Very few classical musicians I’ve worked with have even heard of this idea of feel, and even the ones with good rhythm don’t obsess over it to the point that jazz musicians need to in order to obtain an expected level of competence. So to a jazz musician, the classical musician’s sense of rhythm can seem bafflingly substandard.
But in fact this needs to be understood in a completely different way. Classical musicians simply look at rhythm differently. They see it as an expressive element. By stretching the pulse one way or the other, they can support the longer musical line, which to them is of highest importance. The irony here is that jazz musicians’ use of rhythm is in a way LESS expressive than that of classical musicians. That expression is re-injected on the subtle level of feel—and indeed the best jazz soloists do make expressive use of time, by laying back against the beat or floating over it, but these effects work precisely because they create tension against an underlying pulse that is unchanging. Actual tempo fluctuation is strictly to be avoided. This is why, while it may be very difficult to get classical players to groove, it’s equally challenging to get jazz players to effect a convincing rubato.
2. Dynamics. When shading a phrase, when injecting drama into their performances, classical musicians obviously make frequent recourse to dynamics. Jazz musicians, uh, not so much! I remember in one of our rehearsals that Colin Jacobsen asked Josh Redman what dynamic he was playing at a certain passage. Josh grinned sheepishly and said, “Jazz musicians don’t really use dynamics.” He wasn’t far from the truth—many jazz players, especially horn players, play at a fairly static volume. There certainly isn’t any established tradition of crescendo and diminuendo, outside the world of big band.
The overall dynamic of jazz is much louder than that of classical music, at least at the chamber music level. This is probably because of the prominence of the drum set in jazz, which is extremely loud compared to any chamber instrument (and has gotten considerably louder with the advent of rock music) and tends to play at a fairly consistent volume. To compete with this, other jazz musicians have gotten accustomed to playing at louder volumes, as well as becoming habituated to electronic amplification. Jazz saxophonists play at or above the volume of a classical trumpet, so when they suddenly have to play with a string quartet, they have to play around 1/8 their normal volume to blend!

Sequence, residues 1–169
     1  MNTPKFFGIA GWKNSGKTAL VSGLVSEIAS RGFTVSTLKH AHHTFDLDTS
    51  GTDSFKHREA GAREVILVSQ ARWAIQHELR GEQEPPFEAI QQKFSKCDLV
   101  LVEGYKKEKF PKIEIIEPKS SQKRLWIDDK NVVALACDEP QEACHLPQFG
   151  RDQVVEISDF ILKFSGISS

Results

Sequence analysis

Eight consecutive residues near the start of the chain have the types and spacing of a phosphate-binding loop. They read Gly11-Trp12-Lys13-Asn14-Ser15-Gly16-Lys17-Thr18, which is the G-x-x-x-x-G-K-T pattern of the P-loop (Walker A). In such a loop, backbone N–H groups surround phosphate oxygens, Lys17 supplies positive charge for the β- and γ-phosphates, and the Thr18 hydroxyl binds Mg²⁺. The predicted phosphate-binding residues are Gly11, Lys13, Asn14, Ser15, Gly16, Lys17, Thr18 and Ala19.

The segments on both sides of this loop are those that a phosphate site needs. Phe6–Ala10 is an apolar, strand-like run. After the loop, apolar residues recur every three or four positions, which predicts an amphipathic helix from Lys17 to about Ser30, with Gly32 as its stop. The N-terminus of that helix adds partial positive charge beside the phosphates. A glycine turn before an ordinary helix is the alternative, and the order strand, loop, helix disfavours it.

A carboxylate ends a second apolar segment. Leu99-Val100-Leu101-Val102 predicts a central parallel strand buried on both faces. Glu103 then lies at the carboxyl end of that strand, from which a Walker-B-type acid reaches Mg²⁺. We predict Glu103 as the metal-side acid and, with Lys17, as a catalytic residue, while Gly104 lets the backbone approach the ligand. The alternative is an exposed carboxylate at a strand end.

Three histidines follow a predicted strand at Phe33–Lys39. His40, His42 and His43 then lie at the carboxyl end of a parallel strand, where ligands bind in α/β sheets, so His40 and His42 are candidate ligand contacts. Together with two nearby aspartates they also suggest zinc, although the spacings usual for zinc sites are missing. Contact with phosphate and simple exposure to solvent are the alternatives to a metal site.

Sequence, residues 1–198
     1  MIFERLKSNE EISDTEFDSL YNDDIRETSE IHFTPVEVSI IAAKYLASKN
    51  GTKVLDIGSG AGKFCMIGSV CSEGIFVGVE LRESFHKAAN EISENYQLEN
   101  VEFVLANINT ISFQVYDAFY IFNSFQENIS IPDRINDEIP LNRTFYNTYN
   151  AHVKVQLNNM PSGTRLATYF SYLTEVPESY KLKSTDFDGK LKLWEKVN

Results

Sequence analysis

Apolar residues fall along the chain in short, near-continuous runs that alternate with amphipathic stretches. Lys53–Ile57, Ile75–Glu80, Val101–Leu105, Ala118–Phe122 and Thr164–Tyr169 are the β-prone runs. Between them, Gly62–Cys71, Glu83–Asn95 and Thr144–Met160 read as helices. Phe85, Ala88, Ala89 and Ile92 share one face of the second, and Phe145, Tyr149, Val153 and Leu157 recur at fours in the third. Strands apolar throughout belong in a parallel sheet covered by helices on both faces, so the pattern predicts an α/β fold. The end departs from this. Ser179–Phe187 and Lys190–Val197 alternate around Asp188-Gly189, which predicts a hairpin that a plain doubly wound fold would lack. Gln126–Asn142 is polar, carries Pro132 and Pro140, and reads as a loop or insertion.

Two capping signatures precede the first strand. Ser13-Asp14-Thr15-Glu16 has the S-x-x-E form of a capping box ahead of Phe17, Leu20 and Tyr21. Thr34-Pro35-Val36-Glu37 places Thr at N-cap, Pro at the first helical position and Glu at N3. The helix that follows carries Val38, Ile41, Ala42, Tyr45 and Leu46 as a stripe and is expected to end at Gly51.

3. Tone and Intonation. Jazz musicians can be obsessive about their sound and their tone quality, but overall I would say it’s less a priority than it is in the classical world. Sometimes jazz musicians also go for bigger rather than better in this regard, for the above-stated reasons.
In this category perhaps should be included things like vibrato. For a string player, vibrato is at the core of their playing, and vibrato practice is an important part of their musical development. Jazz musicians practice vibrato much less, and consequently have much less control, far less variety of speed and amplitude. It’s simply not as much used as an expressive element.
Intonation is much less of a concern in the jazz world than in the classical world. There’s the tradition of classical musicians tuning before the concert begins; many jazz musicians just hope to be in tune by the end.